3. Precision of Solution

3.1. Precision of Standard Solution

A stock solution of Candesartan (2.0 mg·ml–1) was prepared by dissolving an appropriate amount in diluent. Working solutions were prepared from above stock solution for related substance determination and assay determination, respectively. A stock solution of impurities (mixture of imp-A and imp-B) at a concentration of 0.5 mg·ml–1 was also prepared in diluent.

3.2. Specificity

Specificity is the ability of the method to measure the analyte response in the presence of its potential impurities. Stress testing of the drug substance can help to identify the likely degradation products, which can in turn help to establish the degradation path ways and the insentric stability of the molecule and validated the stability indicating power of the analytical procedures used.

The specificity of the Candesartan in the presence of its impurities namely imp-A and imp-B and degradation products was determined by the developed UPLC method. Forced degradation studies were also performed on Candesartan to provide an indication of the stability indicating property of the proposed method. The stress conditions employed for degradation study including light (carried out as per ICH Q1B), heat (60˚C), acid hydrolysis (1N HCl), base hydrolysis (0.1 N NaOH), water hydrolysis (room temperature at 6 h) and oxidation (3% H2O2). For heat light studies the study period was 48 h where as acid, base, peroxide and water hydrolysis the test period was 6 h. Peak purity of stressed samples of Candesartan was checked by using a photo diode array detector of waters corporation, MA, USA.

3.3. Analytical Method Validation

The developed chromatographic method was validated for linearity, precision, accuracy, sensitivity, robustness and system suitable.

3.4. Precision

The precision of the related substances method was checked by injecting six individual preparations of (500 µg·ml–1) Candesartan spiked with 0.15% each imp-A

Figure 1. Chemical structure of candesartan.

and imp-B. Each % RSD area of imp-A and imp-B was calculated. Precision study was also determined by performing the same procedures on a different day (inter day precision).

The intermediate precision (ruggedness) of the method was also evaluated by a different analyst, different column and different instrument in the same laboratory.

Assay method precision was evaluated by carrying out six independent assays of test sample of Candesartan against qualified reference standard. The % RSD of six assay values obtained was calculated. The intermediated precision of the assay method was evaluated by different analyst and by using different instrument from the same laboratory.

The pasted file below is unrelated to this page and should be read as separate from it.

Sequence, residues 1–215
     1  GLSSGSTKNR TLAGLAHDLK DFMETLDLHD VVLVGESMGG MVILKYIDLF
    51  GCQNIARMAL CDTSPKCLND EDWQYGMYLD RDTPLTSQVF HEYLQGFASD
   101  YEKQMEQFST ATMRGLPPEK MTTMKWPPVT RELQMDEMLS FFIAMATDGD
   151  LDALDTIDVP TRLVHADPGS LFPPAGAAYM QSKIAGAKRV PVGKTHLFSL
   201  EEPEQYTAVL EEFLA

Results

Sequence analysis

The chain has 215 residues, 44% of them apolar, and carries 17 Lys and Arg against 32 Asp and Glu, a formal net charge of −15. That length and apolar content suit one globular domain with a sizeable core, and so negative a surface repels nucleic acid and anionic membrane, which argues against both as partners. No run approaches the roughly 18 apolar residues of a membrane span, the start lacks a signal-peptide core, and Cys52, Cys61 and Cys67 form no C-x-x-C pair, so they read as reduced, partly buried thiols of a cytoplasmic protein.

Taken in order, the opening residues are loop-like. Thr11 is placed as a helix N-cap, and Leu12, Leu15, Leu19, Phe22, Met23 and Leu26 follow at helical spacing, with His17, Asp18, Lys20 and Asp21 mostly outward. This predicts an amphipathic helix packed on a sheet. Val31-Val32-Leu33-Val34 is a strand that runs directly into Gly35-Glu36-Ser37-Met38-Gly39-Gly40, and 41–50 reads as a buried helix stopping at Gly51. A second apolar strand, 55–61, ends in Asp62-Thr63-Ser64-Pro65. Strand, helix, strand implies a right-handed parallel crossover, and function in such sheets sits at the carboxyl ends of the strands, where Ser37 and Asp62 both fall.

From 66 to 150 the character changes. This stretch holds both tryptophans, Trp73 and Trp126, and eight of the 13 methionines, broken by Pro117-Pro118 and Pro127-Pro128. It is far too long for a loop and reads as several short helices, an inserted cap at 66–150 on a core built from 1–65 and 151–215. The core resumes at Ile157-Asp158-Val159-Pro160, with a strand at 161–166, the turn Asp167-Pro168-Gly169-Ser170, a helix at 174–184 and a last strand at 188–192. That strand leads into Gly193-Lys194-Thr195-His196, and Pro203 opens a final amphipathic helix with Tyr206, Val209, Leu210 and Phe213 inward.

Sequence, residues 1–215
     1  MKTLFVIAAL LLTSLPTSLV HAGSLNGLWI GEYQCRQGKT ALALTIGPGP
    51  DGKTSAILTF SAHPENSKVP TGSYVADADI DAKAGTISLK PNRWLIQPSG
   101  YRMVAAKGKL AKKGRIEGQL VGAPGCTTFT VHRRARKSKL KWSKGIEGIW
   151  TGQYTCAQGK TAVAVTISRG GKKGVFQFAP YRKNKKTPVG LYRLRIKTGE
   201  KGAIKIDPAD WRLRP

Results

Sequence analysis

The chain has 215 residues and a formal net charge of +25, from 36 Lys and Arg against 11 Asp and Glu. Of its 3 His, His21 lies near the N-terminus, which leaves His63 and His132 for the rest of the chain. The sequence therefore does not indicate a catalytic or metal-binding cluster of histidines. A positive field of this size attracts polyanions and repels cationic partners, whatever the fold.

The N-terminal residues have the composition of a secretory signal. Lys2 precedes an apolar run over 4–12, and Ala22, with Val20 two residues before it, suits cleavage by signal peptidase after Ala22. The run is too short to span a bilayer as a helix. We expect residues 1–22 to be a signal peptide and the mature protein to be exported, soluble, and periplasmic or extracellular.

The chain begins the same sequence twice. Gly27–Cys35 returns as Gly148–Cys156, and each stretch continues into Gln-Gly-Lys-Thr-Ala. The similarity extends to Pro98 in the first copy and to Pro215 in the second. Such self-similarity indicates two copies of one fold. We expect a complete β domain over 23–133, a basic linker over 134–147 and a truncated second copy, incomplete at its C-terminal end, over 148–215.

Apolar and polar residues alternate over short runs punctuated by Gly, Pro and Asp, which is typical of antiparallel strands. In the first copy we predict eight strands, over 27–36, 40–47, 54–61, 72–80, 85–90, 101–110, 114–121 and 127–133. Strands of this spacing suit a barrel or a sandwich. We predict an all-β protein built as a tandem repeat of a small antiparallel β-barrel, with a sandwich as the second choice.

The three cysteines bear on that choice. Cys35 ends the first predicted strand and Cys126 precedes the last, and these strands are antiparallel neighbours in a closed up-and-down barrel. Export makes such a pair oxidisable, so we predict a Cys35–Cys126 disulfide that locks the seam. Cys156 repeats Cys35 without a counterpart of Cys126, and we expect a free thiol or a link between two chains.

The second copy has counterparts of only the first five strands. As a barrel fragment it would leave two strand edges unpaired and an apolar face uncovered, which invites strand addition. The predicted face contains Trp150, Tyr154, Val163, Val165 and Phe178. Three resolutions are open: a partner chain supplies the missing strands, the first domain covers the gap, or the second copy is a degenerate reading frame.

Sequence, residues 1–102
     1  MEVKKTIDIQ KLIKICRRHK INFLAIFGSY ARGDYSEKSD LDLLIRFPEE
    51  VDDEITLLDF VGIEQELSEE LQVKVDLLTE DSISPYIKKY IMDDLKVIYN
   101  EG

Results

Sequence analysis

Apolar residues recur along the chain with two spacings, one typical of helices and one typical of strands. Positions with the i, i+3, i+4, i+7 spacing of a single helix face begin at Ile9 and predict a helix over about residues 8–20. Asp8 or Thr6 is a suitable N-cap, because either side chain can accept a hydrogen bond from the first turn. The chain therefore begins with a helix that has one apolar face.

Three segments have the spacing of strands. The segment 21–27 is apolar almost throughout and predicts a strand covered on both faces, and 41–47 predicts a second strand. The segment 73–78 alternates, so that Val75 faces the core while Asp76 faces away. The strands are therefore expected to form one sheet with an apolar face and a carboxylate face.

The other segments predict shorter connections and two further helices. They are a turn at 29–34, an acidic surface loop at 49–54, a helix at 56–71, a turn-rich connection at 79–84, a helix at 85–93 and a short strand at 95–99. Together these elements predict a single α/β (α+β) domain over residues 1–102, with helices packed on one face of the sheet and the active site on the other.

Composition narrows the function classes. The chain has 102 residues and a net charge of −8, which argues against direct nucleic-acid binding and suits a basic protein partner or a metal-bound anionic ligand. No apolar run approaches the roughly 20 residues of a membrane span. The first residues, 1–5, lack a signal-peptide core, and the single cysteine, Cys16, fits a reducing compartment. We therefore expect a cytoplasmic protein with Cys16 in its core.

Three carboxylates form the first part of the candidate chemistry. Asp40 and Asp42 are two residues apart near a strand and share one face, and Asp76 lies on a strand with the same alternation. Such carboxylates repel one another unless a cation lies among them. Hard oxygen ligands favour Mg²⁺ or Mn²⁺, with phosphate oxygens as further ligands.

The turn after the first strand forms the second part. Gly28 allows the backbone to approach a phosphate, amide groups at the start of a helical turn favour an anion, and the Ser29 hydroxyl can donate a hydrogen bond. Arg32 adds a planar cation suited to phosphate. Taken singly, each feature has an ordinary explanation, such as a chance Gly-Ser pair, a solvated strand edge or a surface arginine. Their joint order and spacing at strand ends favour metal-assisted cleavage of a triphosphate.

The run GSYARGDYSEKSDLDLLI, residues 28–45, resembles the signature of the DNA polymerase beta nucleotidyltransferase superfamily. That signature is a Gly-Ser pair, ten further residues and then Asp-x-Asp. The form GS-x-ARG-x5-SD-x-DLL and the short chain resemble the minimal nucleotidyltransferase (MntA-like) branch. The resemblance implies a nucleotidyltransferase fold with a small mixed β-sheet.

3.5. Sensitivity

Sensitivity was determined by establishing the limit of detection (LOD) and limit of quantification (LOQ) for imp-A and imp-B estimated at a signal to noise ratio of 3:1 and 10:1 respectively, by injecting a series of dilute solutions with known concentrations. The precision study was also carried out at the LOQ level by injecting six individual preparations of imp-A and imp-B and the % RSD for the areas of each impurity was calculated.

3.6. Linearity and Range

Linearity test solutions for the assay method has prepared from stock solution at five concentration levels from 50% to 200% of assay analyte concentration (250, 375, 500, 750 and 1000 µg·ml–1).

A linearity test solution for related substance method was prepared by diluting the impurity stock solution to required concentrations. The solutions were prepared at seven concentration levels. From LOQ to 200% of the permitted maximum level of the impurity (i.e. LOQ 0.0375%, 0.075%, 0.01125%, 0.15%, 0.225% and 0.3%) was subjected to linear regression analysis with the least squares method. Calibration equation obtained from regression analysis was used to calculate the corresponding predicted responses. The residuals and sum of residual squares were calculated from the corresponding predicted responses.

Linearity was checked for three consecutive days in the same concentration range for both assay and related substances method and % RSD value of the slope and yintercept of the calibration curve were calculated. Upper and lower levels of range were also established.

3.7. Accuracy

The accuracy of the assay method was evaluated in triplicate at five concentration levels i.e. 250, 375, 500, 750 and 1000 µg·ml–1 in bulk drug sample. At each concentration there sets were prepared and injected in triplicate.

The percentage of recovery was calculated at each level.

The study was carried out in triplicate at 0.075%, 0.125%, 0.15%, 0.225% and 0.3% of the analyte concentration (500 µg·ml–1). The percentage of recoveries of imp-A and imp-B were calculated.

3.8. Robustness

To determine the robustness of the developed method, experimental conditions were deliberately changed and the resolution (Rs) between Candesartan and imp-A and imp-B were evaluated. The flow rate of the mobile phase was 0.4 ml·min–1. To study of the effect of flow rate on the developed method 0.1 units of flow were changed (i.e. 0.3 and 0.5 ml·min–1). The effect of column temperature on the developed method was studied at 35˚C and 45˚C instead of 40˚C. The effect of pH on resolution of impurities was studied by varying ± 0.1 pH units (i.e. buffer pH altered from 2.2 to 2.1 and 2.3). In all the above varied conditions, the components of the mobile phase were held constant.

3.9. Solution Stability and Mobile Phase Stability